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Am J Transplant. 2011 Aug;11(8):1727-33. doi: 10.1111/j.1600-6143.2011.03604.x. Epub 2011 Jun 14.

De novo anti-HLA antibody after pandemic H1N1 and seasonal influenza immunization in kidney transplant recipients.

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Service of Nephrology, Department of Medicine, University Hospitals of Geneva, Switzerland.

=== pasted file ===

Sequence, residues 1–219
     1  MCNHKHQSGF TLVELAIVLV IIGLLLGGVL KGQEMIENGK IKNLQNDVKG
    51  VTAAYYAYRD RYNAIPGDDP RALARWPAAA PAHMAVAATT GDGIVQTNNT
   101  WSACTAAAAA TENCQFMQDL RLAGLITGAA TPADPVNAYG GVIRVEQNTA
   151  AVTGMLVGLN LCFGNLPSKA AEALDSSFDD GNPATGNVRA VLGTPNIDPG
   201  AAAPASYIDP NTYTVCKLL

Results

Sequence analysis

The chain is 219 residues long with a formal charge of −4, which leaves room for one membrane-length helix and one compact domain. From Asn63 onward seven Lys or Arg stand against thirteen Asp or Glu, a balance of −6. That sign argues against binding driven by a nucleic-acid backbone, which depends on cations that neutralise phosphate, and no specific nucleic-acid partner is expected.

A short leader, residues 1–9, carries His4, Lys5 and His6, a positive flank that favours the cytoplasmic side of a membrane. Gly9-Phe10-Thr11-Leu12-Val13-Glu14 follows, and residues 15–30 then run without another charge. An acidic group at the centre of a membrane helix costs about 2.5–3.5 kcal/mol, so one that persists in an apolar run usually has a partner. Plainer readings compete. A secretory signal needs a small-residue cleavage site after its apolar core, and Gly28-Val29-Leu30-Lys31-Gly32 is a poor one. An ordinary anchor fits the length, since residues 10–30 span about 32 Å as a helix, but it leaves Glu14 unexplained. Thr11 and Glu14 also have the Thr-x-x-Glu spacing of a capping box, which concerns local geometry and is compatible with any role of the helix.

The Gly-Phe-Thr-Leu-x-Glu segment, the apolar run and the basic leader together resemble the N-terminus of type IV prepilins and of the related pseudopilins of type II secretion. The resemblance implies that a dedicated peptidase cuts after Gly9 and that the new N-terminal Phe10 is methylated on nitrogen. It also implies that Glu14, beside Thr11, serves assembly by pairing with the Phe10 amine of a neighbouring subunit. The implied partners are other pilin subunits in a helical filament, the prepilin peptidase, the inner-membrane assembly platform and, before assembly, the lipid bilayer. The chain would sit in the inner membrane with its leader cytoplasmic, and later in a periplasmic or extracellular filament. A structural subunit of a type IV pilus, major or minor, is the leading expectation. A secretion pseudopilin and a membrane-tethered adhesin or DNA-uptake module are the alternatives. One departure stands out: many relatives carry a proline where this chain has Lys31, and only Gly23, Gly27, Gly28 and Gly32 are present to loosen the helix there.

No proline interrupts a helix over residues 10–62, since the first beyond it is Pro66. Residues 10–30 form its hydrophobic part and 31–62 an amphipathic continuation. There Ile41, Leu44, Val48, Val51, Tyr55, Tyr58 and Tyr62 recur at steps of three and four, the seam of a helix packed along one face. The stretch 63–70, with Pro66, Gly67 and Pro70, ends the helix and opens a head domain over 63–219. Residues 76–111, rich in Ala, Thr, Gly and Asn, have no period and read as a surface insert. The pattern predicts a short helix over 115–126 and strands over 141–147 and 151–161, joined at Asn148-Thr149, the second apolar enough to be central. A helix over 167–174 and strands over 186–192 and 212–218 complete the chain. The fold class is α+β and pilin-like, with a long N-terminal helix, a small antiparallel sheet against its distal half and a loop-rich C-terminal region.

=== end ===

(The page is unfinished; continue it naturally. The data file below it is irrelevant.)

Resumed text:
In solid organ transplanted patients, annual influenza immunization is strongly recommended because of morbidity and mortality of influenza infections. In 2009, the rapid spread of a novel H1N1 influenza A virus led to the accelerated development of novel pandemic influenza vaccines. In Switzerland, the recipients received one dose of seasonal influenza and two doses of AS03-adjuvanted H1N1 vaccines. This situation provided a unique opportunity to analyze the influence of novel adjuvanted influenza vaccines on the production of de novo anti-HLA antibodies. We prospectively followed two independent cohorts including 92 and 59 kidney-transplanted patients, assessing their anti-HLA antibodies before, 6 weeks and 6 months after vaccination. Sixteen of 92 (17.3%) and 7 of 59 (11.9%) patients developed anti-HLA antibodies. These antibodies, detected using the single antigen beads technology, were mostly at low levels and included both donor-specific and non-donor-specific antibodies. In 2 of the 20 patients who were followed at 6 months, clinical events possibly related to de novo anti-HLA antibodies were observed. In conclusion, multiple doses of influenza vaccine may lead to the production of anti-HLA antibodies in a significant proportion of kidney transplant recipients. The long-term clinical significance of these results remains to be addressed.

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